Thursday, October 29, 2015

Cut Me Loose by Leah Vincent


Oct 29,20 15 

Read in October, 2015

In the vein of Prozac Nation and Girl, Interrupted, an electrifying memoir about a young woman's promiscuous and self-destructive spiral after being cast out of her ultra-Orthodox Jewish family

Leah Vincent was born into the Yeshivish community, a fundamentalist sect of ultra-Orthodox Judaism. As the daughter of an influential rabbi, Leah and her ten siblings were raised to worship two things: God and the men who ruled their world. But the tradition-bound future Leah envisioned for herself was cut short when, at sixteen, she was caught exchanging letters with a male friend, a violation of religious law that forbids contact between members of the opposite sex. Leah's parents were unforgiving. Afraid, in part, that her behavior would affect the marriage prospects of their other children, they put her on a plane and cut off ties. Cast out in New York City, without a father or husband tethering her to the Orthodox community, Leah was unprepared to navigate the freedoms of secular life. She spent the next few years using her sexuality as a way of attracting the male approval she had been conditioned to seek out as a child, while becoming increasingly unfaithful to the religious dogma of her past. Fast-paced, mesmerizing, and brutally honest, Cut Me Loose tells the story of one woman's harrowing struggle to define herself as an individual. Through Leah's eyes, we confront not only the oppressive world of religious fundamentalism, but also the broader issues that face even the most secular young women as they grapple with sexuality and identity.

My Review:

I liked the book. It was a fast, interesting memoir of the author's life as a girl raised in an Orthodox Jewish home. I understand how she felt the need to reject the laws of her upbringing since they were very strict.
I found her to be very brave when she decided to set out and discover what it was like to live in a secular world. Her experiences were shocking and harrowing . I found this part of the book, which was a good majority of it, to be heartbreaking, too graphic and repetitive. This was the path Leah chose to follow.
I am glad the book ended on a positive note but it was too rushed and abrupt by ending in a couple of sentences. I would have liked to have seen more details about her new life. The author keeps the reader hanging as to the future of Leah's life. Too much of a cliffhanger.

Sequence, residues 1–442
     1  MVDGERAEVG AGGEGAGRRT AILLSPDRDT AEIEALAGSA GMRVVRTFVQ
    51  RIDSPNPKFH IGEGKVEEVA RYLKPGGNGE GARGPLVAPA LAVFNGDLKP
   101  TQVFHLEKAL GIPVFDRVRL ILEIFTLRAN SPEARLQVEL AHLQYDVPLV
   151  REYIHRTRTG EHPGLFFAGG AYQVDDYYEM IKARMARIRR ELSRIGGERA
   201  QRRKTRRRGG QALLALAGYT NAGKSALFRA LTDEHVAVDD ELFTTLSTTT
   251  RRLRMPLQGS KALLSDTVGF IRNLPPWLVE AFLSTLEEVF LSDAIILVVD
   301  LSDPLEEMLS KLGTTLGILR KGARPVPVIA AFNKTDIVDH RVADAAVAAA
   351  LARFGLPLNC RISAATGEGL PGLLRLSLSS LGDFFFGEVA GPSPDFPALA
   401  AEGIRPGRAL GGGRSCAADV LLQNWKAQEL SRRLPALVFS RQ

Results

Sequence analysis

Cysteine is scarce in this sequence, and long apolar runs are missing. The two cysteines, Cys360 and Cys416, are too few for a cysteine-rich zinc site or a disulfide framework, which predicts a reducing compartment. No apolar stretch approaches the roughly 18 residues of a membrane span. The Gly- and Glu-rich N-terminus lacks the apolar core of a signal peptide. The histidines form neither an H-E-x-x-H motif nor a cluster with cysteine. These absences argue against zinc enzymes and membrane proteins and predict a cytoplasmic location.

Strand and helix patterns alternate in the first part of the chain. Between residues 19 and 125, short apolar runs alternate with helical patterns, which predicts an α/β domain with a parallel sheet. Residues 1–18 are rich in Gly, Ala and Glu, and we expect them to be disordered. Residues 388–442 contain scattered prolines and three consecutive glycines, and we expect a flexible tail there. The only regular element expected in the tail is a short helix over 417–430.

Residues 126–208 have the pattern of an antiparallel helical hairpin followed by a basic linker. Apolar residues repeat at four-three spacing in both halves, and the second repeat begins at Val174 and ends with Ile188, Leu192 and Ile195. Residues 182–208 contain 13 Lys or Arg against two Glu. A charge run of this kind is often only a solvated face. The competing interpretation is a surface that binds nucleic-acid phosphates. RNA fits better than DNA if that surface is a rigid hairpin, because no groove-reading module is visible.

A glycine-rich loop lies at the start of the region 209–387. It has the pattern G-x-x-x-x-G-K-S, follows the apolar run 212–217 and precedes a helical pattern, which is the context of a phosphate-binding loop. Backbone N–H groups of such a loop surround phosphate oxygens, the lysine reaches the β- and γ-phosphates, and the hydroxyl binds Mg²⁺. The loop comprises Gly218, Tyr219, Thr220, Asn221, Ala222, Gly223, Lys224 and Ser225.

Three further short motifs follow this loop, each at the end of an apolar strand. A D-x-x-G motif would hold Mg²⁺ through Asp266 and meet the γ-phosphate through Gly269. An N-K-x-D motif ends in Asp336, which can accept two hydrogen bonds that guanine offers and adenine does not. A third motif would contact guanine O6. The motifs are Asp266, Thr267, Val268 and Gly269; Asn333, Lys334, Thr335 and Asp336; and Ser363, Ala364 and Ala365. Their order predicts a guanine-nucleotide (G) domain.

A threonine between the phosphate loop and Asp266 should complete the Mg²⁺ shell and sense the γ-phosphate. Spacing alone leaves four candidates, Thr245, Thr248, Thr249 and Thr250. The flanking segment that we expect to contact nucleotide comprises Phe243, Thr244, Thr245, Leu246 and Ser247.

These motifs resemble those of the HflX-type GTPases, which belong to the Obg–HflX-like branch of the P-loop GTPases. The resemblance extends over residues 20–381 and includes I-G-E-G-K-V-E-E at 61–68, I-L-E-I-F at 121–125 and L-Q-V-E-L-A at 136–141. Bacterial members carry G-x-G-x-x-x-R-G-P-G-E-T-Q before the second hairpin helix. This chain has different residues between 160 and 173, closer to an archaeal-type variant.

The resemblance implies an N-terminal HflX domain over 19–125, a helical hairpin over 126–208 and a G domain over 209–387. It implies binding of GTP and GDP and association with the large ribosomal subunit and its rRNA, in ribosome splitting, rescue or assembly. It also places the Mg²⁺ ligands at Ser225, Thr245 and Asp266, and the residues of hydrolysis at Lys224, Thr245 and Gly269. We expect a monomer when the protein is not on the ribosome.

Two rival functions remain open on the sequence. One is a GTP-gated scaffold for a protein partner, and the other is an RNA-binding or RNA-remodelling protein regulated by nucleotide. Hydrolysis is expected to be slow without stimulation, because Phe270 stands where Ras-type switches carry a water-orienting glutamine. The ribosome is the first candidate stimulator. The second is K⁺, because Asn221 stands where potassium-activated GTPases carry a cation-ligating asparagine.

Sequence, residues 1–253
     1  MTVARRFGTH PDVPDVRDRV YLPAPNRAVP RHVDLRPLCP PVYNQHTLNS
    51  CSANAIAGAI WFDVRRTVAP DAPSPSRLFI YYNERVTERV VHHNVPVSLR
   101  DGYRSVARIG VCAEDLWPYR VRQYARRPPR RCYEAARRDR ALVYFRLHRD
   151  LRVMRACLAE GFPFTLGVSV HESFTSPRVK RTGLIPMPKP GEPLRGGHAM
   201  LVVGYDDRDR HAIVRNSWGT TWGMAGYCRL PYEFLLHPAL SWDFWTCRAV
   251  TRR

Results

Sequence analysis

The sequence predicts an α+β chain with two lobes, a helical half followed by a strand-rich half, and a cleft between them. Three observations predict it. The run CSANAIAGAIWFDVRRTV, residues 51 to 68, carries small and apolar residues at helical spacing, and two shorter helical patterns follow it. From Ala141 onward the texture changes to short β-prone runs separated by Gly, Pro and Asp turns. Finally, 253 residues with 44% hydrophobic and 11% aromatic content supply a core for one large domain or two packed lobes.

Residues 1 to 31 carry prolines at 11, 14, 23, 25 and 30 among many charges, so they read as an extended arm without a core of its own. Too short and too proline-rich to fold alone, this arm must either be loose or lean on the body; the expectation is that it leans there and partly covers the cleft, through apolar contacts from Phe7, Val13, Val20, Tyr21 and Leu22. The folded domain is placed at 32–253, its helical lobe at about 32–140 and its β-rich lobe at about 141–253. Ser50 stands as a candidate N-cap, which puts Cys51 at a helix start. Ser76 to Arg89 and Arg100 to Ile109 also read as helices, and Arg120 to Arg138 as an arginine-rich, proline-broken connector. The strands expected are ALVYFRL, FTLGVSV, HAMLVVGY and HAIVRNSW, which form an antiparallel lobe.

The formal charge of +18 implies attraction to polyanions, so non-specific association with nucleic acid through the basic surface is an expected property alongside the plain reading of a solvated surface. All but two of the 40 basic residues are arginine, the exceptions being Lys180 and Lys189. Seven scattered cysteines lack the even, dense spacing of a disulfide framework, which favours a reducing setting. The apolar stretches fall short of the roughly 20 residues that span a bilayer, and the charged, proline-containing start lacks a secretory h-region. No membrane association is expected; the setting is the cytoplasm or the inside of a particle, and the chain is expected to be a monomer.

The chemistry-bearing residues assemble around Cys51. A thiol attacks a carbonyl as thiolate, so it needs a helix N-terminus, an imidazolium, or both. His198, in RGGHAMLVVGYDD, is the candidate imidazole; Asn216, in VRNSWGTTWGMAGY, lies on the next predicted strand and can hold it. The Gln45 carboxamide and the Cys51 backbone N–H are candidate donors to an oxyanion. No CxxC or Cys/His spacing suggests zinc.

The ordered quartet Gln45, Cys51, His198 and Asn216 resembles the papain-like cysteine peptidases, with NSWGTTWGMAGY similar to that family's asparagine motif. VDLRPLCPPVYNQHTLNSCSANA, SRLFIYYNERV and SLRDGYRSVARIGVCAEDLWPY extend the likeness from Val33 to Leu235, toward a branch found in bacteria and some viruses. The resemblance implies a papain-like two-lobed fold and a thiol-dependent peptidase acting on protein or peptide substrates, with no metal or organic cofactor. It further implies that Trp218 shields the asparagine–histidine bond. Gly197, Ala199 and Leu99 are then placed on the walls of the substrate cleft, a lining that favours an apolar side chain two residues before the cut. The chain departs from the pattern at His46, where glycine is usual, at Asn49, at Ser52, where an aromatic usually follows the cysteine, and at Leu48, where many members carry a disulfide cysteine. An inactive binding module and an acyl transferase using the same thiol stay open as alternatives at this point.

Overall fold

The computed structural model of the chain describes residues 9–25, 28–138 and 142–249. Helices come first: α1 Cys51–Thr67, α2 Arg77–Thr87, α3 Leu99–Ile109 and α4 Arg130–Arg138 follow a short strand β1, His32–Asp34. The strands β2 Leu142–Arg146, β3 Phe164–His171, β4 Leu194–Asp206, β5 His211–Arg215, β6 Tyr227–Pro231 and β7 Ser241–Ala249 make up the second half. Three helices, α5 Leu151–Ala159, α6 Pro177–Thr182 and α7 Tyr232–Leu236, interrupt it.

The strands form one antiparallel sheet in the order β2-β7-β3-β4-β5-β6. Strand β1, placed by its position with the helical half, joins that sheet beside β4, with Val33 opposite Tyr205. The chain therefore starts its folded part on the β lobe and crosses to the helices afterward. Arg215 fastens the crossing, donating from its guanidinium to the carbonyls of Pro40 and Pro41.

Sunday, October 11, 2015

Born in Fire by Nora Roberts

Oct 11, 20 15  

Three modern sisters bound by the timeless beauty of Ireland...

The eldest Concannon sister, Maggie, is a reclusive, stubborn and free-spirited glassmaker—with a heart worth winning.

Margaret Mary is a glass artist with an independent streak as fierce as her volatile temper. Hand-blowing glass is a difficult and exacting art, and while she may produce the delicate and the fragile, Maggie is a strong and opinionated woman, a Clare woman, with all the turbulence of that fascinating west country.

One man, Dublin gallery owner Rogan Sweeney, has seen the soul in Maggie’s art, and vows to help her build a career. When he comes to Maggie’s studio, her heart is inflamed by their fierce attraction—and her scarred past is slowly healed by love. Maggie is a young but lonely woman. She lost her beloved dad five years ago and her relationship with her mother is far from good. Actually, because of her mother she prefers loneliness and she doesn’t want to marry. She really doesn’t trust anyone, expect her sister Brianna who is very kind. Maggie is an artist and when in her life comes Rogan the owner of an international art gallery, many things will change in her life either she want it or not.

My Review:
I found the book to be very descriptive of the setting (Ireland) and characters. Nora Roberts has a way with words. She uses similes, metaphors and lots of adjectives. I felt like I was part of the setting and that I knew the characters.

I loved Maggie's stubborn character. She was a strong person but with a good heart even with a mother whose main purpose is to make her life a living hell but no matter what she was determined to keep her promise to her father, once he died, to care for her mother and sister.Maggie was a lonely woman because of her upbringing.I felt so sorry for her. I would be bitter if my mom treated me as evil as her mom, Maeve, did. What a horrible life to lead.She doesn’t want to marry either because she doesn't trust anyone, except her sister, Brianna, who is very kind. I certainly understood why she felt the way she did because of her evil mom.Another horrible thing to endure. I loved how her life started to change in a positive way as the story moved on even though she fought it all the way.

Parts of the book went at a slow pace. I found myself putting it down too often because of that, I gave it 3*. Even so, I will read the next book in the trilogy. I am curious to see how the characters' lives change or stay the same.